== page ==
[Free Resource: Check your credit score and report card for free with Credit.com]

7. Rebirth

Your life will have changed noticeably once you reach this stage. The experience of surviving your financial problems will have made you a stronger person; a different person; a better person.

I firmly believe you can lead multiple lives within the one that exists between the time you were born and the time you die. We grow, evolve, learn and change. We grow apart, grow together and just plain grow old. Your life can be so much more than the struggles you are going through right now. You didn’t get into debt overnight and it’s probably going to take some time to be reborn, but trust me, you’ll be a better person for it, if you want to be.

Click here to read the original article: The Seven Stages of Debt. Which Stage Are You In?

Comments on articles and responses to those comments are not provided or commissioned by a bank advertiser. Responses have not been reviewed, approved or otherwise endorsed by a bank advertiser. It is not a bank advertiser's responsibility to ensure all posts and/or questions are answered.

Please note that our comments are moderated, so it may take a little time before you see them on the page. Thanks for your patience.

  • Pingback: These 7 Tips Can Help You Chip Away at Your Student Debt Before Graduation | Car Care()

  • Pingback: The Stages of Debt: Which One Are You In? :: Affordable Mortgage Payment()

  • Pingback: Bankruptcy at 23: How I Survived It | Credit.com News + Advice | thebankruptcyadvice.com()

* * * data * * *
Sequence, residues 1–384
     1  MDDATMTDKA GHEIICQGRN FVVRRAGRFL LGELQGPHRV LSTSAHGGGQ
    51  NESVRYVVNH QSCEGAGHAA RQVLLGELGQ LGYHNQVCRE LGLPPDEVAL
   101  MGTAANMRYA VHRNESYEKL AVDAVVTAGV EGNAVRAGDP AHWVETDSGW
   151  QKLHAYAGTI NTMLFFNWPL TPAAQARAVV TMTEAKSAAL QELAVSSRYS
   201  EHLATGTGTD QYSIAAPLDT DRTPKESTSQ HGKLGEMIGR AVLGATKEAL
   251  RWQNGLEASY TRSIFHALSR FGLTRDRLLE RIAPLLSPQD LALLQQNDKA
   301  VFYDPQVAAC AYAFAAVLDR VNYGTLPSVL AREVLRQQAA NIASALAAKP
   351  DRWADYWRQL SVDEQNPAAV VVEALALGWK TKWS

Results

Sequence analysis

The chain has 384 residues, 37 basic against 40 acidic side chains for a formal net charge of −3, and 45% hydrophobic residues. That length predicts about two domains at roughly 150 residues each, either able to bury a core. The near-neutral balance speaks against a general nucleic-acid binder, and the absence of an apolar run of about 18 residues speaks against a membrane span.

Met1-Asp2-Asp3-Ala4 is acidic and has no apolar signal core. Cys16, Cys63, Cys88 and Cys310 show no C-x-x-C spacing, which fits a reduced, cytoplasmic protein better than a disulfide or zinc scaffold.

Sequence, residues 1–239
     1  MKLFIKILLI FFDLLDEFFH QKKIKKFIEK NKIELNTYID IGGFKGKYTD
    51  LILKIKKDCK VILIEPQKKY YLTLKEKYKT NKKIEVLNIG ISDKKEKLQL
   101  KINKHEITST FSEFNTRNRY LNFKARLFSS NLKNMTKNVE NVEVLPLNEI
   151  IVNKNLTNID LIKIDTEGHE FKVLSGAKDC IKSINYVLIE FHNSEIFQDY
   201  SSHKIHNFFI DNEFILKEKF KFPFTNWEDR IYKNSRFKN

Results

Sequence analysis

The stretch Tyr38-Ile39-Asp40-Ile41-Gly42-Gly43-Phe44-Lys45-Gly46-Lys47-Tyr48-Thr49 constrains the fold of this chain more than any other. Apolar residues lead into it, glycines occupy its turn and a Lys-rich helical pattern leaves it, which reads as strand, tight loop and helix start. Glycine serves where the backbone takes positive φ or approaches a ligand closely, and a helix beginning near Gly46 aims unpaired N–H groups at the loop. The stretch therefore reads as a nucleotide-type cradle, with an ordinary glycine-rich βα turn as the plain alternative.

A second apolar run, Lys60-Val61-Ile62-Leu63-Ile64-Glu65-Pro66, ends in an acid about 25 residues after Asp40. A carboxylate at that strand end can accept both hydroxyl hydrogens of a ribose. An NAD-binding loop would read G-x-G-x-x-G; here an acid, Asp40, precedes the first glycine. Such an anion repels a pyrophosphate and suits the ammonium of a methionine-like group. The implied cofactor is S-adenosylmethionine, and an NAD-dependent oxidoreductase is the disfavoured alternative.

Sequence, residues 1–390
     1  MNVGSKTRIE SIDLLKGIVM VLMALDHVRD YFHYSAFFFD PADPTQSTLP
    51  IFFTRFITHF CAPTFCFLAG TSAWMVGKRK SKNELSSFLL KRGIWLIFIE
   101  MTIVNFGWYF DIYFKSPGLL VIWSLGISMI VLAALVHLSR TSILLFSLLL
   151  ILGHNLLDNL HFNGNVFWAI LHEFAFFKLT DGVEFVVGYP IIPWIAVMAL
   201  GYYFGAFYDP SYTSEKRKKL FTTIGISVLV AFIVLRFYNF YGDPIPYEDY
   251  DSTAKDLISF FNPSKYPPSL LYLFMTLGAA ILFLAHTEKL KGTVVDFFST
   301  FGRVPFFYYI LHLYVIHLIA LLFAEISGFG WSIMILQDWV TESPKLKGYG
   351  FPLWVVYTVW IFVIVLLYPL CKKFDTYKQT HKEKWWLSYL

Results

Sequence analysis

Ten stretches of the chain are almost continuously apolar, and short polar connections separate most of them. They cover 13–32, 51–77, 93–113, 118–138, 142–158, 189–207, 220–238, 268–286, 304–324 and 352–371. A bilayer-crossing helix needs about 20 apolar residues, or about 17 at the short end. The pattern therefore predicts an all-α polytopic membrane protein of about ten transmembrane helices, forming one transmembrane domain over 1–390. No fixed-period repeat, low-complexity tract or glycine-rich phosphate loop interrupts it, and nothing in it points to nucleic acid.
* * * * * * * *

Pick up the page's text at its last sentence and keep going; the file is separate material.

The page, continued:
• Pingback: Debt-free summer vacation - Vacation Resorts. | Vacation Resorts.()

  • Pingback: Make summer vacation debt-free | In Digest Biz()

  • Margaret G.

    I have never been in debt and have the highest possible credit scores. However, this recession has made me even more aware of what I buy and what could happen if good judgment is not used in these matters. My main word of wisdom, not only to myself, but to others is, -“stay out of stores unless you have something specific that you need to buy, a necessity”. Otherwise, idol browsing can lead to unnecessary purchases. Maybe one doesn’t think a $25,00 or $30.00 purchase is a “bank buster” but an accumlation of these can breed “money trouble”. When bored, find other amusements, – not shopping. Buying things can give you a “temporary euphoria” but when the credit card bills start arriving it will be “gloom and doom”. This has been my criteria for “staying out of trouble”.

    • http://www.credit.com shirley

      how do i get things off my credit report that don’t belong to me. I have been divorced for 8 yrs and there are things on my report that belong to the ex w/ my name on them after we divorced. Don’t know how he got this done but he is very slick and a smooth talker. great con-artist.
      Thank you,

  • Johanna

    I was in denial to the tune of $80,000 and none of that was real estate. I went thru the bargaining, anger…but then that anger got the best of me and I decided to buckle down “put on my big girl panties” and pay it off. I forfeited vacations, eating out, new clothes/shoes. I stayed out of stores. I shopped at the super cheap markets and ate lots of beans and rice. I paid off every dime within 3 years.
    My advice is to put your anger to good use and PAY OFF YOUR DEBTS if there is any way possible.

Certain credit cards and other financial products mentioned in this and other articles on Credit.com News & Advice may also be offered through Credit.com product pages, and Credit.com will be compensated if our users apply for and ultimately sign up for any of these cards or products. However, this relationship does not result in any preferential editorial treatment.